He continues to work on a variety of EIA cases, including one that involved the proposed conversion of an eel-breeding farm into a five-star hotel area. "However, in the last 20 years when this place wasn't being used for breeding these fish, it became a place for biodiversity," he reported "So, the fight was over whether the builders had evaluated what had happened in the last 20 years since the farming had stopped. And we kind of won."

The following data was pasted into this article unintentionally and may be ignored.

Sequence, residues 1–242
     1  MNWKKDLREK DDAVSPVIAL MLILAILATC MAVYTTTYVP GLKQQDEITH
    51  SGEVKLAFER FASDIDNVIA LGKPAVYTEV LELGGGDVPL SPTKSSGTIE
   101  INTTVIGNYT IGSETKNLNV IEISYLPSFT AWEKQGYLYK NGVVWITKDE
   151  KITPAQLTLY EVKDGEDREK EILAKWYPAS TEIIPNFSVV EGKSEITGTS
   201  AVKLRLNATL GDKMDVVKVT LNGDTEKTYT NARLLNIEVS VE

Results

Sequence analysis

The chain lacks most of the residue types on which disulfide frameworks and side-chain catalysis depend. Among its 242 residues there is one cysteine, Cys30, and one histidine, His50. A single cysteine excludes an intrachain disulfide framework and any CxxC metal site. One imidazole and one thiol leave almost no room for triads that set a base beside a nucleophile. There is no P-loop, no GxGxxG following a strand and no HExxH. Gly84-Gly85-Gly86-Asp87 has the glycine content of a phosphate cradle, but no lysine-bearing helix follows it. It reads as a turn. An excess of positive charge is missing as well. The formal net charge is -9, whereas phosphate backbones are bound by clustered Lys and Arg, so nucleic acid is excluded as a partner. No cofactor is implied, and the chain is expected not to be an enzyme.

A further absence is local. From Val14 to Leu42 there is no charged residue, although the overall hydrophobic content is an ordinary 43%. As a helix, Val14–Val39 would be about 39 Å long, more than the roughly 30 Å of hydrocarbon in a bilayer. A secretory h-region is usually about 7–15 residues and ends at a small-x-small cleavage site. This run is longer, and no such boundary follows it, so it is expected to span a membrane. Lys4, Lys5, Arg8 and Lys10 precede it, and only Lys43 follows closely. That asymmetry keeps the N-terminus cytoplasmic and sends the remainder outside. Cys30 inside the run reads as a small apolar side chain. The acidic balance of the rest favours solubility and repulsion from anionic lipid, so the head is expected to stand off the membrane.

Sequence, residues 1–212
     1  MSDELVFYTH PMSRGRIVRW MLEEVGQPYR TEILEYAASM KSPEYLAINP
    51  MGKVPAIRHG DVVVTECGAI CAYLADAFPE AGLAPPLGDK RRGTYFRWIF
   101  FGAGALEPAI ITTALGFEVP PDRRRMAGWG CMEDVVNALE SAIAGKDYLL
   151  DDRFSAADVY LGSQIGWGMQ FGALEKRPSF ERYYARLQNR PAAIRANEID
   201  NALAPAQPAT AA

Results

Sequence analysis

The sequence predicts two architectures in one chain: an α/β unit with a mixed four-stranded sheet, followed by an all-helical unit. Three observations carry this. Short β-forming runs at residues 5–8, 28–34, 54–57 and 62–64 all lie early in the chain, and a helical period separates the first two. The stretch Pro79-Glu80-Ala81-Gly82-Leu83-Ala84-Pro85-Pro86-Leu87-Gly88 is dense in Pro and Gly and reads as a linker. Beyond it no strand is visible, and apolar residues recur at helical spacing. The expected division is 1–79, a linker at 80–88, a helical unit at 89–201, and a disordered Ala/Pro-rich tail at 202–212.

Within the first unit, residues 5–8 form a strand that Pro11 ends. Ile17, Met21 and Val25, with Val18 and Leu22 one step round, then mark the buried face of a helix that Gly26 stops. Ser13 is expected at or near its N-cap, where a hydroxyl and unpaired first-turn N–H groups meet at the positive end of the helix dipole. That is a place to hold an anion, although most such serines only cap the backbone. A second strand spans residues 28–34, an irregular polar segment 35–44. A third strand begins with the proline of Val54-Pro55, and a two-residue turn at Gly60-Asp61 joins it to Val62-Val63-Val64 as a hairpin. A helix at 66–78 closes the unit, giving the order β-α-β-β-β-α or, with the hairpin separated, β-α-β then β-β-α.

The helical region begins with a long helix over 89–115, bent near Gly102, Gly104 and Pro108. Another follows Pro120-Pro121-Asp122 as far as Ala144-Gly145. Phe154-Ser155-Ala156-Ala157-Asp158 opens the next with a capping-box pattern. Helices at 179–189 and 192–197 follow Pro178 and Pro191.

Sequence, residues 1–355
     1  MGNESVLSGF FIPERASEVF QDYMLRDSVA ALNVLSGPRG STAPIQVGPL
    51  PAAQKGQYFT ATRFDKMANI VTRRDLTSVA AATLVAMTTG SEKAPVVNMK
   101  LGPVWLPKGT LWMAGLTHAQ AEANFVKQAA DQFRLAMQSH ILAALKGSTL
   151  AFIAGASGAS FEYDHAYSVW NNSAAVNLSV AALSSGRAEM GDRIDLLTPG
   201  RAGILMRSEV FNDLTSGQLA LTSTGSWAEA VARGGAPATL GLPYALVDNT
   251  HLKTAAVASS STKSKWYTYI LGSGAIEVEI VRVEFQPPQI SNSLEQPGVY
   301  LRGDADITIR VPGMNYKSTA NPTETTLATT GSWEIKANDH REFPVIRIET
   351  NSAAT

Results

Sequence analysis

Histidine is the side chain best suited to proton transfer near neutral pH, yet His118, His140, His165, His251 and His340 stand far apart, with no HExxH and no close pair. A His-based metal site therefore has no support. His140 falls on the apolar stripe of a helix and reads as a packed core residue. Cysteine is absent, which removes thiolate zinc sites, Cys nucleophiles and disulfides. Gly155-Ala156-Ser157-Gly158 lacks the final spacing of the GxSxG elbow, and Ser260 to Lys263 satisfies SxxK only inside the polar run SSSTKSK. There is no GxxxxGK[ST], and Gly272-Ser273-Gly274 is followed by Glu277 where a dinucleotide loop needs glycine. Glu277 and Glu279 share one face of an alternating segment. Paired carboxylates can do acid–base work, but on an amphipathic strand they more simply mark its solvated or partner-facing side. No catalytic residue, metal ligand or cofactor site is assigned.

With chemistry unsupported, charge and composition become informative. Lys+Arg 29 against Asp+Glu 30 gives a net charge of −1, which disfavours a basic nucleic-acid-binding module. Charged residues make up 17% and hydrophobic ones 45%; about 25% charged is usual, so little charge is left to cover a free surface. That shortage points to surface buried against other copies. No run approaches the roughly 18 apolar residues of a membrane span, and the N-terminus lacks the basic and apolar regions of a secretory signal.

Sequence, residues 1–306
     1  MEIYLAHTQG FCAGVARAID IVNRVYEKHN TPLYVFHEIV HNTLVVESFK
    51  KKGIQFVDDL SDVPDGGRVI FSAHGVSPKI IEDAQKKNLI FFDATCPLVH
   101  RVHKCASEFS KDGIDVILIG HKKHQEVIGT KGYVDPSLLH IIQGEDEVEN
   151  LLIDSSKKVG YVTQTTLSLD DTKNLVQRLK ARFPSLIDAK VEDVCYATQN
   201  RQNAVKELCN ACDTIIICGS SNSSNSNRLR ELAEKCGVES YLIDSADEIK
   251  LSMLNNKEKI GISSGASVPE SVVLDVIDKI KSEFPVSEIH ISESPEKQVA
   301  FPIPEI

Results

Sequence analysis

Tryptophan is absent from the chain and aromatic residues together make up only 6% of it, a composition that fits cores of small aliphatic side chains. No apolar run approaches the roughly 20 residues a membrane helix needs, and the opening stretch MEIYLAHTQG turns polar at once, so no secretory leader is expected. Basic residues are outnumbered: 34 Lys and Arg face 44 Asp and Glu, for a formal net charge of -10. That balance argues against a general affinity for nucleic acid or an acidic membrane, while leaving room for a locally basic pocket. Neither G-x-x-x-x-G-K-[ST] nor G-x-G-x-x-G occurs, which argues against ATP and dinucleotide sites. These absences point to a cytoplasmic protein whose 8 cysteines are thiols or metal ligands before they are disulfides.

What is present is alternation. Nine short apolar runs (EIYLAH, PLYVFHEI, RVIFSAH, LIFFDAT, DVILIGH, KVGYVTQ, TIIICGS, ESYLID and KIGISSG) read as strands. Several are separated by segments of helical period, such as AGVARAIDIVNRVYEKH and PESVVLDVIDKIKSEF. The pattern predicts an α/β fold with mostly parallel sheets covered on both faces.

Kiss and his team were not involved in the huge red mud spill. But they've been working on another red mud case, another tailing pond used for alum-earth processing. "But this place has not been used for many years, so it's absolutely dry so there is no chance of a spill," he said. "So the biggest problem is that now the wind blows away the dust. And there is a company that decided to cover up this place. Sounds good -- it's environmentally positive stuff. But the way they cover it is to collect hundreds of thousands of tons of waste -- including hazardous waste -- bring it to the site, mix it all together, and then leave it there for a month to three months. They call it composting. But these are acids, toxic materials, the rock beds from railway tracks that are contaminated with oil and pesticides. They call the end result 'artificial soil.' We went to the European Commission so that it could start the infringement procedure against Hungary breaching the European waste legislation. I hear that there is a very good chance that this will exceed the margin of tolerance for the Commission, so they will take it to the Court."